In 2015, there was a record number of traffic-related fatalities in Minnesota. This is the first spike in the number of state traffic fatalities during the past five years. While this may seem alarming to some people, it does not necessarily mean that a trend is beginning because this can attributed to increased pedestrian and motorcycle accidents from the unusually warm weather at the end of the year. Over the past eight years, traffic fatalities within Minnesota have decreased at a steady rate. This can be attributed to increased public awareness through the campaigns funded by the Office of Traffic Safety, including increased DWI enforcement, Click It or Ticket, and the Toward Zero Deaths program.
What is the Toward Zero Deaths Program?
The idea behind “zero deaths” originated from a program that was first adopted in 1997 in Sweden called “Vision Zero.” The belief was that it is unacceptable for even one traffic-related death to occur. Since 2003, Minnesota is among several states across the United States that have adopted this core objective and have integrated it into their Strategic Highway Safety Plans.
Minnesota’s Toward Zero Deaths (TZD) program uses a data-driven, interdisciplinary approach that focuses on areas where improvement is needed and addresses them with proven countermeasures. Included in TZD’s strategies toward solving problems is that application of what is referred to as the “4Es”:
- Education – Traffic safety education focuses on changing driver behavior because just understanding the “rules of the road” is not enough. A more effective way to change driving habits is by motivating drivers to do so through public service announcement and the work of public health educators in the community. Education, combined with enforcement methods are an effective strategy in reducing drunk driving and promoting seat belt use.
- Enforcement – Enforcing compliance with traffic laws helps change driver behavior and reduce unsafe driving. Obeying drunk-driving laws, traffic controls, licensing requirements and other rules of the road help reduce accidents. Targeted enforcement campaigns are designed to address specific traffic safety problems as they are identified. In 2015, seat belt compliance increase to 80 percent of Minnesota drivers in comparison to 73 percent the previous year.
- Engineering – When a traffic safety issue has been identified, engineering looks for the most direct solution to solve the problem. While reconstructing or modifying a roadway can be a challenge and time-consuming, some changes, including installing traffic signals or new signs may be a better strategy. The addition of rumble strips placed down center lanes and on the road shoulders help keep drivers alert if they drift out of their lane.
- Emergency medical services – While the TZD program aims to reduce crashes from happening, its goals also include preventing injuries and fatalities when traffic accidents do occur. Fast and efficient response from emergency medical and trauma services is extremely important in rural areas where access to trauma facilities is limited. Often crashes go unnoticed in rural areas and are not reported until another vehicle drives by. Therefore, increased patrol of these areas has increased.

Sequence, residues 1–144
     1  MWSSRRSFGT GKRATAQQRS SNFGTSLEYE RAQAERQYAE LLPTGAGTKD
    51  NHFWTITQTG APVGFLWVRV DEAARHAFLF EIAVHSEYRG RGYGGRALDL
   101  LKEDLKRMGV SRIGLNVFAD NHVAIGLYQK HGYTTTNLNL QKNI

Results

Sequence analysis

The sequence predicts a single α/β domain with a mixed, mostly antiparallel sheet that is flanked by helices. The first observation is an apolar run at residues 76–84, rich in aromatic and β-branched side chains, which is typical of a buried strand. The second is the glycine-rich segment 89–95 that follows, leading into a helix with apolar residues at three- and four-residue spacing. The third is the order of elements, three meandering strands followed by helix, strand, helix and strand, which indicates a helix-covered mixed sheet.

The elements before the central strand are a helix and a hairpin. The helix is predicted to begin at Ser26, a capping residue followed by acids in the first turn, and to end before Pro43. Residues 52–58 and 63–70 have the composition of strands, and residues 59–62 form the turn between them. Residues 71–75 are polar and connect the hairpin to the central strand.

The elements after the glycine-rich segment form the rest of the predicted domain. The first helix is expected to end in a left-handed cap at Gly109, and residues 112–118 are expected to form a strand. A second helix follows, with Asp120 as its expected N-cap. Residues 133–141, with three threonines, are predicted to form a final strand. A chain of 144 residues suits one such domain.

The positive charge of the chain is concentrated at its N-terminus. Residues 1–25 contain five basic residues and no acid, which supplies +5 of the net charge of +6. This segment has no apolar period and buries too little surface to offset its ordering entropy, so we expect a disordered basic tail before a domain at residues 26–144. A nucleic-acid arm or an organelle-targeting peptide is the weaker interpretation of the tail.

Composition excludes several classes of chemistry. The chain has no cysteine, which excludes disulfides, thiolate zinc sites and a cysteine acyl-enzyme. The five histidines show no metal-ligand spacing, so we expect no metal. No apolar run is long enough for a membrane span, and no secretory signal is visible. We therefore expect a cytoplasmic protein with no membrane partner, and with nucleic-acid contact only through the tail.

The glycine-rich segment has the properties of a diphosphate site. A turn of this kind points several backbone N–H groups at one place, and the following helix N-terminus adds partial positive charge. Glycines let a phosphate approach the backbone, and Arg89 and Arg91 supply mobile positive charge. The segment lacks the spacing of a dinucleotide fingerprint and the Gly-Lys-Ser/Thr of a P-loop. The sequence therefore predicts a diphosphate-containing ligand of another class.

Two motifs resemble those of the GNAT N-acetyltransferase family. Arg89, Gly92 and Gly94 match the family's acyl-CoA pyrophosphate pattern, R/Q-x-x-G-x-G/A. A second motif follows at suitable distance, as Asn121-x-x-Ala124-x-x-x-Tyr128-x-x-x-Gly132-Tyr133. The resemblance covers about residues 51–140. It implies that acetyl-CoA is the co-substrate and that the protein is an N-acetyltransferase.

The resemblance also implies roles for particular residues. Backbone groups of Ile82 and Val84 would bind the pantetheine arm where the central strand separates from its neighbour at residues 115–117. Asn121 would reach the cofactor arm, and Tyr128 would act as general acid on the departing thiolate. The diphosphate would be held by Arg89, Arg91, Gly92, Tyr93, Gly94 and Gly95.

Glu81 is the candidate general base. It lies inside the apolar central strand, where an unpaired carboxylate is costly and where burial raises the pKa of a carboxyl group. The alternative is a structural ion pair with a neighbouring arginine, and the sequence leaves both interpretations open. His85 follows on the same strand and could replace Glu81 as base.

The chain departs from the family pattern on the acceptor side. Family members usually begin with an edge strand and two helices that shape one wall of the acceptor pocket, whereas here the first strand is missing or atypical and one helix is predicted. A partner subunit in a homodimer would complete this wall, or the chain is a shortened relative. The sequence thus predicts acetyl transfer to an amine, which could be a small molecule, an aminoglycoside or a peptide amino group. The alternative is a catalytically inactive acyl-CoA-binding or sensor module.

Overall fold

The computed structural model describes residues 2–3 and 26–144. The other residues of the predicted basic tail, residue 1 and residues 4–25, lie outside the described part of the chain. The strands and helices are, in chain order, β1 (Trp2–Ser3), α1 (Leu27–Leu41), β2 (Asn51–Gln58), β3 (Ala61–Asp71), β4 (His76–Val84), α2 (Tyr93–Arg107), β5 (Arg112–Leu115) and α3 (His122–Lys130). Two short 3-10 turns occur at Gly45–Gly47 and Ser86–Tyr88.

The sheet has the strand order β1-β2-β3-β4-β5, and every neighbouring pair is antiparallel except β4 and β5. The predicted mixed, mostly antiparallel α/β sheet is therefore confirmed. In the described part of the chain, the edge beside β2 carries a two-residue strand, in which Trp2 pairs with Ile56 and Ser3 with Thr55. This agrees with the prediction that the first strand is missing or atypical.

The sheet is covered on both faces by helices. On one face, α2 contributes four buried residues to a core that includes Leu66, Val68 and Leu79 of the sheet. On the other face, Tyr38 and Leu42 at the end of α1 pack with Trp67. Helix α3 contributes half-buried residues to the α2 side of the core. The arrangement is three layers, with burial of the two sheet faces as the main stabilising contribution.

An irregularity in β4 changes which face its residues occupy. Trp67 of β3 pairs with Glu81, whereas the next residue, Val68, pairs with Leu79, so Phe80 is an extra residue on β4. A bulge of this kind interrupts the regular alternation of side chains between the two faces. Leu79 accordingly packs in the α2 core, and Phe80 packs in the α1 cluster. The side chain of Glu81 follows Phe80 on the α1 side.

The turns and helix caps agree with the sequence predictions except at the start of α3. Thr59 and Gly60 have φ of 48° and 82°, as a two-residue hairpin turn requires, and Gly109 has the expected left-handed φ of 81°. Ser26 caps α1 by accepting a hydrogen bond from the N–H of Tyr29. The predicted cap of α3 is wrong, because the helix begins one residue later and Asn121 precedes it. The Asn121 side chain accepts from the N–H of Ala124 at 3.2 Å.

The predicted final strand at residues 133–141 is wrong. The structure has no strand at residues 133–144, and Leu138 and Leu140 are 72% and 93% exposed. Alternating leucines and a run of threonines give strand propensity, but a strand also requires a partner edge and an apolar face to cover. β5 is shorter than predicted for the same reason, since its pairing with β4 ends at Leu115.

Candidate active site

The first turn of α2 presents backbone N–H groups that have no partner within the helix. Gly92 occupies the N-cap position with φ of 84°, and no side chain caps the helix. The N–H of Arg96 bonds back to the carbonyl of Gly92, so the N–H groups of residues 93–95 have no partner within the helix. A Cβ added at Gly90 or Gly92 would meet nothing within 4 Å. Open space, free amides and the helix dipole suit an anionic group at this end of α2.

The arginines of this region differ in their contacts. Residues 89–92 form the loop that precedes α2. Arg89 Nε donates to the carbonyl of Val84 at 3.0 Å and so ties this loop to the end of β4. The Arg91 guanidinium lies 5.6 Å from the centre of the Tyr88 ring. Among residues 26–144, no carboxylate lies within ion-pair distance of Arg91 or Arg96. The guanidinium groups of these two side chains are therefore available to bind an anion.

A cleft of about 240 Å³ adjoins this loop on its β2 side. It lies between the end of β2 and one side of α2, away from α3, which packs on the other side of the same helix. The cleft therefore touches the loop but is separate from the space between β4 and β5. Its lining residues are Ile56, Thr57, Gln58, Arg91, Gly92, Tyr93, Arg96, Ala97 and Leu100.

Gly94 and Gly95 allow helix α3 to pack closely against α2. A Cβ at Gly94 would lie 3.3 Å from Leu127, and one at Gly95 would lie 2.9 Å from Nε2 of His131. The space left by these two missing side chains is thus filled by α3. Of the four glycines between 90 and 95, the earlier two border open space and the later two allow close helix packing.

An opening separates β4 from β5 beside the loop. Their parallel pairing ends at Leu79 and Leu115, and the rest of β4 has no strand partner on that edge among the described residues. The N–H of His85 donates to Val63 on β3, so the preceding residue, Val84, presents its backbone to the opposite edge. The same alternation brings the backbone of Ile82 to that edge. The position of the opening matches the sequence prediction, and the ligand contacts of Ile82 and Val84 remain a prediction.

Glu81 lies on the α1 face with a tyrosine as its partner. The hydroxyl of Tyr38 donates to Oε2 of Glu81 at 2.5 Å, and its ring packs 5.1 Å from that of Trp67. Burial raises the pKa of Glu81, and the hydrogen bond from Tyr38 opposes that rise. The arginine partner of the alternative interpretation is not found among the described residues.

While not an “E,” traffic safety legislation plays a big part in supporting the goals of TZD. The program’s past accomplishments include:
- Implementing the graduated driver’s license
- Seat belt and booster seat laws
- Expanded use of ignition locks for DWI
Ten Years of Progress
In 2013, Minnesota TZD celebrated their tenth anniversary with a report on what had been accomplished during their first ten years. During the period of 1995 – 2003 traffic fatalities had been on the rise in Minnesota. Yet, during TZD’s first ten years, traffic fatalities dropped by 40.5 percent. That is equal to almost 2,046 lives that might have been lost on Minnesota roads if the previous trend had continued. During that same period, deaths related to drunk-driving accidents declined by 49 percent.
TZD Focus on DWI
An accomplishment of TZD was the development of DWI Courts throughout Minnesota. This type of court is like Drug Court in that its guidelines work toward addressing the root cause of impaired driving. The DWI Court’s goal is to protect public safety, while reducing the chance of repeat offenses.
A DWI offender and their Minnesota DWI attorney may be selected to appear before the DWI Court if certain criteria is met. The DWI offender will be evaluated for:
- Severity of their alcohol/drug use
- Level of care needed
- Medical and mental health status
- Availability of social support systems
- His or her motivation to change
In 2007, the position of Traffic Safety Resource Prosecutor (TSRP) was made possible through a grant from the National Highway Traffic Safety Administration (NHTSA). The purpose of a TSRP is to provide prosecutors and law enforcement with education, training and technical support to help with prosecuting DWI and other traffic crimes.